Originally Published: October 22, 2009 10:01 p.m.
"Helping to Keep Art Alive in the Community" is the credo that the Mountain Artists Guild has lived up to for 60 years in the Prescott area.
On Oct. 28, 1949, 25 people gathered in a private home to talk about how they wanted to sketch and meet weekly in each other's residences until they could find a suitable place to get together as a group. George Phippen, who rose to fame as a cowboy artist, sat in that first meeting. Many more were to follow. Some had formal training, others just wanted to begin. They all shared an interest in art.
The guild's first meeting place was the back room of a drugstore, and its first exhibit was at the Prescott Public Library. That was 1950, the same year members planned the Plaza Art Show, the oldest and first on the courthouse plaza that "was just tables and artists showing their work on table tops." The next year, the guild took over management of the show, an annual event to this day that takes place on the plaza in August. A secondary show, also on the plaza and now in its third decade, heralds spring on Mother's Day each year.
By the 1960s, the Mountain Artists Guild still had no permanent home, but membership now boasted a robust 105 people and programs covered a variety of projects from weaving to the lost wax process. MAG's periodic exhibits and art sales continued to move from place to place over the years, but when the wrecking ball threatened the Bashford House in 1973, a door for MAG opened. Jack-in-the-Box on the corner of Gurley and Pleasant streets planned to tear down the historic structure to make way for its restaurant. The chain offered to give the house to Sharlot Hall Museum but that didn't include the cost of moving it. Community folks raised the money to transport the house to the museum, and MAG negotiated a lease for space in the Bashford House. The 1980s brought the guild's move to Ruth Street, and in 2002, MAG sold that building and settled, at last, in its current location at 222 N. Alarcon Street.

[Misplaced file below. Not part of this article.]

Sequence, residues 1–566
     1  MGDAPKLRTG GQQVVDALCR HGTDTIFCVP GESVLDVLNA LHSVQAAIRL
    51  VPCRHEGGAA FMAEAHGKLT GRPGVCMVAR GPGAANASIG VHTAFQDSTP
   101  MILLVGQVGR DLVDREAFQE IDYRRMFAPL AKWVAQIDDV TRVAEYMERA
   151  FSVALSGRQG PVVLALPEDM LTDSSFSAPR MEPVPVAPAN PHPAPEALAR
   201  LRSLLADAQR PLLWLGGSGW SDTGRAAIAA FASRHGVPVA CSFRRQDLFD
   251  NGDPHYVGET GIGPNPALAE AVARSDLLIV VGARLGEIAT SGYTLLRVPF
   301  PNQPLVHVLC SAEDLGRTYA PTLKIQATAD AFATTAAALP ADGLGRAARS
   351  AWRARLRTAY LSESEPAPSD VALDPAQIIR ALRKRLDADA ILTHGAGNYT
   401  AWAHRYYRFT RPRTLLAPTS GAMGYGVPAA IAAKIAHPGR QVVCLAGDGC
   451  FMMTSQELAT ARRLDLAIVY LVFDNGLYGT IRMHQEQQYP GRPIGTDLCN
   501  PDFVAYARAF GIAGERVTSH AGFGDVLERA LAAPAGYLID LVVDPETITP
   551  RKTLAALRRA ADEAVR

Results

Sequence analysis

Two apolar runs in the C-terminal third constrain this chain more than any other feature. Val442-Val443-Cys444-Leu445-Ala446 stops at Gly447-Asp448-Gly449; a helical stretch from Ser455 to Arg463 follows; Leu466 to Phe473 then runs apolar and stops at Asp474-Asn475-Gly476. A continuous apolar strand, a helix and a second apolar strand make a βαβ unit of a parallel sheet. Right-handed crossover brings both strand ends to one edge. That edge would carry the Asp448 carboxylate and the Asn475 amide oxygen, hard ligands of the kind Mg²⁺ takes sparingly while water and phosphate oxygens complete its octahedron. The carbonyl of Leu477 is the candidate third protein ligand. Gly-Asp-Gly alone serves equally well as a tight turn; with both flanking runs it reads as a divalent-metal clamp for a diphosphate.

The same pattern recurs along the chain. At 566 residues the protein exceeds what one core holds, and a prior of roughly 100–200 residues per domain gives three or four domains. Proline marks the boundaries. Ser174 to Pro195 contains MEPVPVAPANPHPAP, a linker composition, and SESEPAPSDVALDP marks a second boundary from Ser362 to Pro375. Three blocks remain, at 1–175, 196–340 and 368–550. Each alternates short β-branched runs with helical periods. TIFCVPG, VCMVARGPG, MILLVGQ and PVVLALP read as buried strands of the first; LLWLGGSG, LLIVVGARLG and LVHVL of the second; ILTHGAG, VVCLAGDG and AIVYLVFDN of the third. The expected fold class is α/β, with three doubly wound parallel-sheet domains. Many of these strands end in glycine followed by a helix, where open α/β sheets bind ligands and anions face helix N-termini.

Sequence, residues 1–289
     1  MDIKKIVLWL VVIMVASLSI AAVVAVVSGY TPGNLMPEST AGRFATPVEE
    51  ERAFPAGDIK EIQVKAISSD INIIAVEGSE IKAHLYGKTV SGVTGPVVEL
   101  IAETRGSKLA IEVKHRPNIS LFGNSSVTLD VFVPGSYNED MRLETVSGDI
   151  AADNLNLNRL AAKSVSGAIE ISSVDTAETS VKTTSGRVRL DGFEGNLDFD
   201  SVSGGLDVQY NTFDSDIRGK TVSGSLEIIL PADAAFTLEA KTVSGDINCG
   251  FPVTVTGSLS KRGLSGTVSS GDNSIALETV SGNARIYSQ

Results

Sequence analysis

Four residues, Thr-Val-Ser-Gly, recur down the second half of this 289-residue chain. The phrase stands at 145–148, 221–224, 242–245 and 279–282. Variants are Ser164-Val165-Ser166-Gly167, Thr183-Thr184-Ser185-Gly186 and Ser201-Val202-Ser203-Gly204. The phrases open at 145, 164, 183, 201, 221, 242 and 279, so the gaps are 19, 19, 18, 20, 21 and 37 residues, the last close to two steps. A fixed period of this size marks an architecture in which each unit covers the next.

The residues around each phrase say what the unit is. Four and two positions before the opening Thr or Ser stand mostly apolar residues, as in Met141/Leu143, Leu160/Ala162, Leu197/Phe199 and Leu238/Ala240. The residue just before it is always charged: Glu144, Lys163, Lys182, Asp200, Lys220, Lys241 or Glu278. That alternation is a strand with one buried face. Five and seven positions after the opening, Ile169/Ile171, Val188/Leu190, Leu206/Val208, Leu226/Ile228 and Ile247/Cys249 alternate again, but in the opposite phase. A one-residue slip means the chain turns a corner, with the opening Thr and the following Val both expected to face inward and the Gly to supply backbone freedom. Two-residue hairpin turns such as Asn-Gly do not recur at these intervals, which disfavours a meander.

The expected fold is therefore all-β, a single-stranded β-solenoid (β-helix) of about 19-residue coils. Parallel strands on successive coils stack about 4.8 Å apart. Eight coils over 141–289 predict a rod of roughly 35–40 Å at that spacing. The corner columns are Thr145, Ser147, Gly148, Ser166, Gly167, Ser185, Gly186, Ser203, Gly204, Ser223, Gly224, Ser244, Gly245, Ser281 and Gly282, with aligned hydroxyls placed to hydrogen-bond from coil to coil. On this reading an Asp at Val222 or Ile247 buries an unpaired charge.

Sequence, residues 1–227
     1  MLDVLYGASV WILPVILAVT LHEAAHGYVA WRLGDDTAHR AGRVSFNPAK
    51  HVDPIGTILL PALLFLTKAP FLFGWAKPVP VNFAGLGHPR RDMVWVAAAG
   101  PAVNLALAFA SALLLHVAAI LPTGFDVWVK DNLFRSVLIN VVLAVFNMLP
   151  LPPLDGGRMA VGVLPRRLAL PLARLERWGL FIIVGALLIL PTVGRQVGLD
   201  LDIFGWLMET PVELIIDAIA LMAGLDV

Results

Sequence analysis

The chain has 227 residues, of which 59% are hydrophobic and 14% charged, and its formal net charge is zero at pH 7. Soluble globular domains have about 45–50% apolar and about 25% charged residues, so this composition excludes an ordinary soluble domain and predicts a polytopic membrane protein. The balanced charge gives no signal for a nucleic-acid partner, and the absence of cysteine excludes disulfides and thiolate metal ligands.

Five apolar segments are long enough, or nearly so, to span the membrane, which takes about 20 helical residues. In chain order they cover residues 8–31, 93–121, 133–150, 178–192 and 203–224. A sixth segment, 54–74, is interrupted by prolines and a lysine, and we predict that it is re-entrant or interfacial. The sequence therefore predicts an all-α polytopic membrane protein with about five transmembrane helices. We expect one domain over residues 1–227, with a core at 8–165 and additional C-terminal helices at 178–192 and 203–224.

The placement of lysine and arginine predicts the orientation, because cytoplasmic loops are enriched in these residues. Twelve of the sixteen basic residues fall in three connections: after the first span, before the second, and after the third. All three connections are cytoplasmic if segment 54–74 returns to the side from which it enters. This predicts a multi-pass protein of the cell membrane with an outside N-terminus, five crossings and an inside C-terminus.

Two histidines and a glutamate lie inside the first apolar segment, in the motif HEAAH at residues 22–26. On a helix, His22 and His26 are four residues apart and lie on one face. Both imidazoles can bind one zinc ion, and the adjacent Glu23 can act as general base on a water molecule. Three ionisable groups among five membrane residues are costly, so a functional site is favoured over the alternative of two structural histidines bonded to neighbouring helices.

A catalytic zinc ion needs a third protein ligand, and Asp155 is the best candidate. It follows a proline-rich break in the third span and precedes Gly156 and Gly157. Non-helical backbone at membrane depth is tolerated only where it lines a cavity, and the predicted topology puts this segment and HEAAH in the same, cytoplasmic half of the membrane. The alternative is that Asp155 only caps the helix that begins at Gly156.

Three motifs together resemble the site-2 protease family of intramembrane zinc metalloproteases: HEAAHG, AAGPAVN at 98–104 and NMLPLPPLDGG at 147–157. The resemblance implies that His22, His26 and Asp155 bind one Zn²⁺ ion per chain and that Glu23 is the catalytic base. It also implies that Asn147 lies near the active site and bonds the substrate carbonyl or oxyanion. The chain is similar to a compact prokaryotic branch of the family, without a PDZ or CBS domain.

Despite existing without a permanent location for more than a half-century, MAG has essentially never lost sight of its mission to nurture artists in their work and to exhibit their fine art for them.
Today, the guild has 300 members representing all genres, from two-dimensional wall art, glass, pottery, weaving, jewelry, to wood, ceramics and a host of handmade creations on display and for sale in the gallery and gift shop.
"It's wonderful for the people," said MAG member Marty Aungst, whose favorite medium is watercolor. "I've made so many friends who volunteer and can paint there and it doesn't cost a lot of money. It is constantly busy and bringing people in, especially the locals. It gives us classes, workshops and activities constantly."
Linda Wiley, a jeweler whose medium is polymer clay, praises MAG's educational programs, workshops and other opportunities. And, she said, "The gallery is truly a wonderful addition to the guild. It allows artists, jewelers, potters, textile artists - people in all genres - to have a place to show their work and not be a professional artist. The whole membership is not professional artists - but they love the communion of artists and people who are interested in art."
Longtime MAG member Ed Bergman, a watercolorist, has been a part of the organization's transitions from place to place. Nevertheless, he said, MAG "is an asset to the community. Lots of people have become exposed to art and developed as artists there through the programs of the guild and the gallery.
"I have been well rewarded for my time spent there."